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Figure 5: Quick-boot Process for Kernel Development

Changes to the initramfs are easy to be applied, because the initramfs is a part of the kernel image. Packaging new content on your host machine into the initramfs and copying the new kernel image plus initramfs to the TFTP server significantly accelerates the kernel development phase. Shell access to such a minimal system can be accomplished by integrating, for example, a TELNET server or simply by using the serial console.

After the kernel has been started and is running as expected, the second phase of the boot process is performed as shown in Figure 6.


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Figure 6: MLE Boot Process, Part 2

We already mentioned the initramfs, which usually contains one or more scripts to be executed as the very first userspace process after the kernel is up. In the case of the MLE 1000 RPS and network booting, these scripts setup the network interface by querying a DHCP server. A DHCP server may also tell the location of the desired rootfs (IP address of the NFS server and the exported paths). The scripts mount the given rootfs via NFS and transfer control to a userspace startup process, typically called /sbin/init for the System V init process. While, of course, booting from a USB memory stick or a microSD card is also supported by MLE, using an NFS-mounted rootfs may be more efficient and reduce development turn-around-times, as it can be accessed remotely be the developer.

During the following startup sequence various Unix/Linux system services (so-called daemons) are started. Among them is an SSH server. Consequently, a developer may now login via SSH to get direct shell access to the MLE 1000 RPS.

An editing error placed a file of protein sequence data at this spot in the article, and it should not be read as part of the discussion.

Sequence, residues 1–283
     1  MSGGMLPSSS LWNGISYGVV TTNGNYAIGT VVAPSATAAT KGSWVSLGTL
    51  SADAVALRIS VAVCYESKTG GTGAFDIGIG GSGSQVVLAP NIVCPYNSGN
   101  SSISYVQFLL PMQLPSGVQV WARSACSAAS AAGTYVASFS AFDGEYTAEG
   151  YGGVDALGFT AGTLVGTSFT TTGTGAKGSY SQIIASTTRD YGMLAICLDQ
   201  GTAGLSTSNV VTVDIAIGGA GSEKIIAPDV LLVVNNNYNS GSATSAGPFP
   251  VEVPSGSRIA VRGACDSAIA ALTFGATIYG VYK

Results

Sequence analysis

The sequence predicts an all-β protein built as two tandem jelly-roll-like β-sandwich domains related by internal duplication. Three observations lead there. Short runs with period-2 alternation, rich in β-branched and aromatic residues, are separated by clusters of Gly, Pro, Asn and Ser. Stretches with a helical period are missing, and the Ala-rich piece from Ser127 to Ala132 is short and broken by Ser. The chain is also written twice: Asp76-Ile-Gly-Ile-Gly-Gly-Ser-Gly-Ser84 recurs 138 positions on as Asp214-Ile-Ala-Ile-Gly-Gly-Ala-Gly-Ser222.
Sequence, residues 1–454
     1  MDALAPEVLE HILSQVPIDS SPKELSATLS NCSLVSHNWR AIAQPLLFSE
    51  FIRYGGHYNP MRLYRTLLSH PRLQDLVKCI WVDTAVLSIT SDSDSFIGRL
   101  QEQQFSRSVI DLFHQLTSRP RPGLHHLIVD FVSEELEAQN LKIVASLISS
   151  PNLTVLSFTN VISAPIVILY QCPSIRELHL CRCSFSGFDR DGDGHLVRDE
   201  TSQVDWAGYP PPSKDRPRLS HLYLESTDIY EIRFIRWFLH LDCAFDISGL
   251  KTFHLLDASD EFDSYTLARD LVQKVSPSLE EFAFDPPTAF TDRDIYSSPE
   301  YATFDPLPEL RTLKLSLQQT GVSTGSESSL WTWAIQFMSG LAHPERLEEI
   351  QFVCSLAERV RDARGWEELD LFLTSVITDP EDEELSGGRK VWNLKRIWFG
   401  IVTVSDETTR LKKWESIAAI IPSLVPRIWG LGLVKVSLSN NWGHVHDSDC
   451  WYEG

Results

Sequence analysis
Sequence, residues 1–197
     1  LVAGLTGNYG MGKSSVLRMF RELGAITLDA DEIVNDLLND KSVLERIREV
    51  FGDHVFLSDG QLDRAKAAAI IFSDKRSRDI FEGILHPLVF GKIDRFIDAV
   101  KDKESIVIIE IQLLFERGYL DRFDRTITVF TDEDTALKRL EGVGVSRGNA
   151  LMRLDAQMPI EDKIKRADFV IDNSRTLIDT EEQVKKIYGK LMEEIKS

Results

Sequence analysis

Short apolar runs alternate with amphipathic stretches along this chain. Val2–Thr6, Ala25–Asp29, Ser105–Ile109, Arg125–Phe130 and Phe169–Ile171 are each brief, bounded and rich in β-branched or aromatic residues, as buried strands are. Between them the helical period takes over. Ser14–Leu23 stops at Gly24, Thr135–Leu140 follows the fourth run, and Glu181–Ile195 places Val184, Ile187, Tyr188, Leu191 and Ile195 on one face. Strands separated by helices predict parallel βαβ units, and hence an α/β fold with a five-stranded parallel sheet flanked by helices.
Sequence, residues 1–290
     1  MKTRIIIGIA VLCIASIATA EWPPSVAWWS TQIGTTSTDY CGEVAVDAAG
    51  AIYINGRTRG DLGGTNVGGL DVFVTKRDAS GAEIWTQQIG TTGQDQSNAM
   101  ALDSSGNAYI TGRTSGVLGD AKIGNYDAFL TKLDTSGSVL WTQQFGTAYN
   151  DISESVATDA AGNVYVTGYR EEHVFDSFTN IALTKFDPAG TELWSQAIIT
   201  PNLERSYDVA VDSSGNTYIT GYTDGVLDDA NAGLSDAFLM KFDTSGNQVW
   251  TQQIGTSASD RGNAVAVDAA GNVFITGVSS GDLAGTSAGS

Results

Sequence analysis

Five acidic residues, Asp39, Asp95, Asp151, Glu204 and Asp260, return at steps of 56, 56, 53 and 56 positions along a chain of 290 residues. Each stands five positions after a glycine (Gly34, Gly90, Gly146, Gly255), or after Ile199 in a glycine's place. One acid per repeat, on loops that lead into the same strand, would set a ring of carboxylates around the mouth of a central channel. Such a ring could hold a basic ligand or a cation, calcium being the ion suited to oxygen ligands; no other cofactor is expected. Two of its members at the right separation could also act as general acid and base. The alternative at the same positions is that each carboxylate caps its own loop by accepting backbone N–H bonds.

At this point the process of kernel module development becomes Linux device driver development, and general userspace application development commences. Kernel modules and applications can be written and cross-compiled on the host workstation. Figure 7 shows the most important resources and services the MLE 1000 RPS offers for this type of standard Open Source development. It also visualizes the generic development flow.


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Figure 7: Kernel Module and Application Software Development

Since the MLE Linux in the MLE 1000 RPS is capable to mount arbitrary NFS-exported files systems, a developer just needs to copy the target executables into such an NFS-exported directory to make them available for testing on the MLE 1000 RPS. Using an SSH connection to the MLE 1000 RPS one now can test, analyze, and debug new kernel modules or userspace application software. To support development and especially debugging, MLE Linux complies with standard Linux logging services like syslog and klogd. For example, dmesg can be called to display kernel messages, which helps when analyzing the behavior of kernel modules.

Last but not least the default MLE Linux includes a complete native C and C++ software development toolchain based on GNU GCC. Sometimes a native tolchain on the MLE 1000 RPS is a very welcome last resort when no other options for cross-compilation exist.

In this paper we have shown that the MLE “Soft” Hardware Platform closely follows defacto standards of Open Source firmware and software development. The advantage is that various well-known options exist during the development and debugging phase of the MLE Linux kernel, the device drivers and the application software. The ability to take proven shortcuts from the embedded software development domain can significantly reduce the turn-around-time.

 

 

References


[1] MLE TECHNICAL BRIEF 20100218. Network Connectivity of MLE 1000 Series, 2010.
      http://www.missinglinkelectronics.com/MLE-TB20100218.
[2] MLE TECHNICAL BRIEF 20100817. Advanced Programmable System Configuration
      Management, 2010.
      http://www.missinglinkelectronics.com/MLE-TB20100817.
[3] MLE TECHNICAL BRIEF 20100818. Advanced Programmable System Hardware De-
      sign, 2010.
      http://www.missinglinkelectronics.com/MLE-TB20100818.
[4] MLE T ECHNICAL B RIEF 20100819. Advanced Programmable System Software De-
      velopment, 2010.
      http://www.missinglinkelectronics.com/MLE-TB20100819.